I loved this book. I love that Verdon doesn't rely on action scenes to make the story interesting or suspenseful. Much like his first book, this is very much a thinking man's mystery. It sucked me in and made me forget about everything else that I should have been doing. It was so intelligently written and meticulously thought out that it was a joy to read. Verdon's storytelling is amazing. I just love it. He reiterated the facts in the case several times without coming across as repetitive or preachy. It just made it easier to follow. I didn't have to flip back once in the book to remind myself of who was who or what had happened previously, even though the book is 500+ pages long.
The storyline did get a little gruesome at times. Thankfully, it did not feature the action of the beheadings, just the aftermaths of them, which was bad enough. The other main topic or subject matter of the story was sexual abuse. Another uncomfortable topic to read about. This time it was especially sad since the both the abused and the abusers were so young.
The main character, Dave Gurney, is a fantastic protagonist with lots of great qualities and numerous flaws. He suffers terrible guilt over his sons and has quite a unique hobby - using his computer to manipulate portraits/mug shots of serial killers. He also lectures at the police academy. I loved both his lectures and the way his students answered his questions. I find Gurney very relatable and easy to understand. I think I like him so much because he's very much like me...at least according to his Myers Briggs evaluation:
His instinctive route to understanding was primarily through thinking...He was fascinated by connecting the dots...He was energized by solitude...observing was just one tool to enable clearer judging. (page 96)His wife, Madeline, on the other hand, is pretty much his opposite, which is probably why I have a hard time connecting with her. As for the other characters, I didn't like them very much, but I don't think I was supposed to.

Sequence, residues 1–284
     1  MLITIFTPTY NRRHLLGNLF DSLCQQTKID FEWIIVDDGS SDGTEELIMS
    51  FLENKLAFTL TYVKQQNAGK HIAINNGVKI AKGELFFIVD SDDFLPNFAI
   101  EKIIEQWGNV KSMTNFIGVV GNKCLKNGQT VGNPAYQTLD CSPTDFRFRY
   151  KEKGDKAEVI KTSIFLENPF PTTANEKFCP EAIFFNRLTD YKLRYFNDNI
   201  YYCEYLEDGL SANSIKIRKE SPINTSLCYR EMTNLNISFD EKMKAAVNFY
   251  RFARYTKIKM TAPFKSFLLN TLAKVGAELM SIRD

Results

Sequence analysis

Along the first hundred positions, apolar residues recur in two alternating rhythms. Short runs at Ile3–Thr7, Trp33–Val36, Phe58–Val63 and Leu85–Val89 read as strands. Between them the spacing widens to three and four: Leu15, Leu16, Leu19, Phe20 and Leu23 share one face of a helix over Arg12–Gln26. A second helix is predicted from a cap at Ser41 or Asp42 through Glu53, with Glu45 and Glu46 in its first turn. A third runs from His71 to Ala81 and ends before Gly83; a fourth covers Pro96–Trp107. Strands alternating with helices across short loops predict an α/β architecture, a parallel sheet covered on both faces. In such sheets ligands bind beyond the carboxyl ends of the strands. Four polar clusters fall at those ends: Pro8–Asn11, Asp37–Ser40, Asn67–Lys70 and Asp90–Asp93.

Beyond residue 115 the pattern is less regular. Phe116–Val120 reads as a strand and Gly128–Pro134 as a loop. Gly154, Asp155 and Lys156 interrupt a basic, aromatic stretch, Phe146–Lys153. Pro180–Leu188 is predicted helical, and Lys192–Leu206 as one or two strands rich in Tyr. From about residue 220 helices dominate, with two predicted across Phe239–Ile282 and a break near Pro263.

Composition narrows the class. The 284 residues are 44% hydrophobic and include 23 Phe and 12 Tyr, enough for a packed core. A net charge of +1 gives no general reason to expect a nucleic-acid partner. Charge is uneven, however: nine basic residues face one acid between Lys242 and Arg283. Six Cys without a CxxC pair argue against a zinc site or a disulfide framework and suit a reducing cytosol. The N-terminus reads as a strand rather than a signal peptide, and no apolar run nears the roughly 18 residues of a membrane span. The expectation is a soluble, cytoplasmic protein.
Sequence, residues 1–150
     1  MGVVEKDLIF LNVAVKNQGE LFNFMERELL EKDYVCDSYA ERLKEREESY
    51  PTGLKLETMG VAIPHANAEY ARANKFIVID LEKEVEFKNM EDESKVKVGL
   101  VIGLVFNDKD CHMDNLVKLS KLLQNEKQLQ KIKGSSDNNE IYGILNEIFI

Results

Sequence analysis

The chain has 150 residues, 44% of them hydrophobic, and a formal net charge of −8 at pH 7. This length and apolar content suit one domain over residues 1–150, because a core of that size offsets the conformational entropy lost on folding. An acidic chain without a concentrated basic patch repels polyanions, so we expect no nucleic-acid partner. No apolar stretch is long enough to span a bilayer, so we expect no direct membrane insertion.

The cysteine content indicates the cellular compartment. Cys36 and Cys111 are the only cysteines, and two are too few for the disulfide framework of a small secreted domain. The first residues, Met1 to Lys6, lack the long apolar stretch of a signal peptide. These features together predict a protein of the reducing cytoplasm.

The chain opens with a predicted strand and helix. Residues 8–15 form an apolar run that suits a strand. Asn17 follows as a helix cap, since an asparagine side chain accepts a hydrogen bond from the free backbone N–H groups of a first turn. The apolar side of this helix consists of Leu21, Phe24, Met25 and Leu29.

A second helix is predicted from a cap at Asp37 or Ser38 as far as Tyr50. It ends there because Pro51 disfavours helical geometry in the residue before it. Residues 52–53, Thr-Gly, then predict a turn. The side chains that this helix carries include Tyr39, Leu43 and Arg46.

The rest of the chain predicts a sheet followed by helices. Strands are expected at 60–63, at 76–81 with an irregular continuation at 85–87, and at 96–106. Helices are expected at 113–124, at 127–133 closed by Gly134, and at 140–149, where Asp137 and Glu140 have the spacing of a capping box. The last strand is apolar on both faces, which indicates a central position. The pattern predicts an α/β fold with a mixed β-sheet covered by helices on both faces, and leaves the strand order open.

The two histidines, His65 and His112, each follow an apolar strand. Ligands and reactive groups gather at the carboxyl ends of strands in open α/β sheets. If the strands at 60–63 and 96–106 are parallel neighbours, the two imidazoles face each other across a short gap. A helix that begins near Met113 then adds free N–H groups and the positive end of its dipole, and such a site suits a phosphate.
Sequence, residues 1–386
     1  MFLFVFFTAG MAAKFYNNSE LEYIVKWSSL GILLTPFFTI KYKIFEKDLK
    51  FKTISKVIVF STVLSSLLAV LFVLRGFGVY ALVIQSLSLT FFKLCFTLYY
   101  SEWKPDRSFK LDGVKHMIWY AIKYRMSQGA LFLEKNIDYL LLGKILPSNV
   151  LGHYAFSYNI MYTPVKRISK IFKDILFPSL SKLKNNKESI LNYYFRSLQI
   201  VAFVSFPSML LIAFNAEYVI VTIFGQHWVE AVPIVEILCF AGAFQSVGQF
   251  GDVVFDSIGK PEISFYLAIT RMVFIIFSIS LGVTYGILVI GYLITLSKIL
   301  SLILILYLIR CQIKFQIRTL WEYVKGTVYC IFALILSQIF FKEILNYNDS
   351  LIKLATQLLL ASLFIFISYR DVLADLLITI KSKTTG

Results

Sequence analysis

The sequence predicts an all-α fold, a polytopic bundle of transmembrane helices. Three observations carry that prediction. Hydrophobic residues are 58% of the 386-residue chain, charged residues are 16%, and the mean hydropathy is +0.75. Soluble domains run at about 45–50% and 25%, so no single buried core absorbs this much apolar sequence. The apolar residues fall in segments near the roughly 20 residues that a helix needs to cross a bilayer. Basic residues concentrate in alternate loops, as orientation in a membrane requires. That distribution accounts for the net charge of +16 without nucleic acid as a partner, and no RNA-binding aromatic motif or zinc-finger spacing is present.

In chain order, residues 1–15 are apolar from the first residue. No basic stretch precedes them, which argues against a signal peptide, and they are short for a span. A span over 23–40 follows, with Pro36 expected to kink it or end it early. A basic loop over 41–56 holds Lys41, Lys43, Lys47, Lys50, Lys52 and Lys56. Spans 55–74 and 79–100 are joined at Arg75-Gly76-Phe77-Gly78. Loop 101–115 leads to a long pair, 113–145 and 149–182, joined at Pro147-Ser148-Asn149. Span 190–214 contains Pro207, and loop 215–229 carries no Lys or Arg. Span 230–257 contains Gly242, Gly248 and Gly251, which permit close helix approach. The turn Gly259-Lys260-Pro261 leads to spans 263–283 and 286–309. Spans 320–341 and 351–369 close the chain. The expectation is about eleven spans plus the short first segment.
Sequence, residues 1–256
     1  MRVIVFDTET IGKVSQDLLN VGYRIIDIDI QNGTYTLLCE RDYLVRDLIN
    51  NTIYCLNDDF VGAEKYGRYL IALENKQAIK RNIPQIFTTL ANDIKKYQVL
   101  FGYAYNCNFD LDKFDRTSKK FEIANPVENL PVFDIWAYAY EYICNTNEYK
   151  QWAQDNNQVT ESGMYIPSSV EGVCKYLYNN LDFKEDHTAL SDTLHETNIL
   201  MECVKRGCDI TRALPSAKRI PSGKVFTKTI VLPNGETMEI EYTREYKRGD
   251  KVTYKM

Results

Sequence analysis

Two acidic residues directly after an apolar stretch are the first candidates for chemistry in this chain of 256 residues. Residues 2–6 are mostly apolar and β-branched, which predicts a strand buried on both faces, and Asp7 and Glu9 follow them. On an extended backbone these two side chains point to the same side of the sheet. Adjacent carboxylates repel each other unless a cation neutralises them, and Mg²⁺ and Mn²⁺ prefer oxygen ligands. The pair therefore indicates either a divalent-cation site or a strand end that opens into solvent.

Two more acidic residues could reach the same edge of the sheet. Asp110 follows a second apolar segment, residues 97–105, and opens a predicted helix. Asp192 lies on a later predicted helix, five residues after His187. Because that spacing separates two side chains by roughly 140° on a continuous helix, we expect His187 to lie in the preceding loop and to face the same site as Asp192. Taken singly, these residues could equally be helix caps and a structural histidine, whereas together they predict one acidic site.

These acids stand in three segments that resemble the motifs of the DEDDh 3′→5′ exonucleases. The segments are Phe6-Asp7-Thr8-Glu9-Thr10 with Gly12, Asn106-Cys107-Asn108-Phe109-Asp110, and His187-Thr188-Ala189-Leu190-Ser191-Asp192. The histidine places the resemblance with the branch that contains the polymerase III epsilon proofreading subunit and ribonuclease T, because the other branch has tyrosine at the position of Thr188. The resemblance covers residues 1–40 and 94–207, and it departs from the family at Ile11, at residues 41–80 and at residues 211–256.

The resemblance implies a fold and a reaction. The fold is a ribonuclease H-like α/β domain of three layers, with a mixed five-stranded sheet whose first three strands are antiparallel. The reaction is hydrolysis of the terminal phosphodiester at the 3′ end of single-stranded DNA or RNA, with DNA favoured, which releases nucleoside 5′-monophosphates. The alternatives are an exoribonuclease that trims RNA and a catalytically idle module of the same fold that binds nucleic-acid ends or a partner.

If I had to pick one thing that I didn't like, it was the dust jacket. It's very striking with the rose petals, rose stems complete with thorns, drops of blood and the raised and indented lettering. However, the slightly weird texture (a bit rough) bothered me. I didn't like the feel of it. It wasn't exactly irritating, but it wasn't comfortable either. It's strange because now that I compare it to other books, it's not really that different. It did, however, seem very different when I was reading the book and handling it daily.
shibboleth (page 180): catchword or slogan
amelioration (page 214): improve
scimitar (page 218): Arab or Turkish saber
cupidity (page 242): greed
loquacity (page 268): tending to talk a lot
physiognomy (page 268): facial features
insouciant (page 382): not worrying about possible problems; carefree
condign reparation (page 485): punishment in perfect balance with the offense. Punishment of an ideally appropriate nature (definition from the book).
I've read one other book by Verdon, Think of a Number (my review). I loved it.
Highly recommended. I'll definitely be looking for more of this author's work.
For more information about this book, please visit the Random House website.
I'd like to thank those nice people at Random House for this review copy.
Shut Your Eyes Tight: A Novel by John Verdon, Crown Publishers (Random House), ©2011. ISBN 9780307717894(Hardcover), 509p.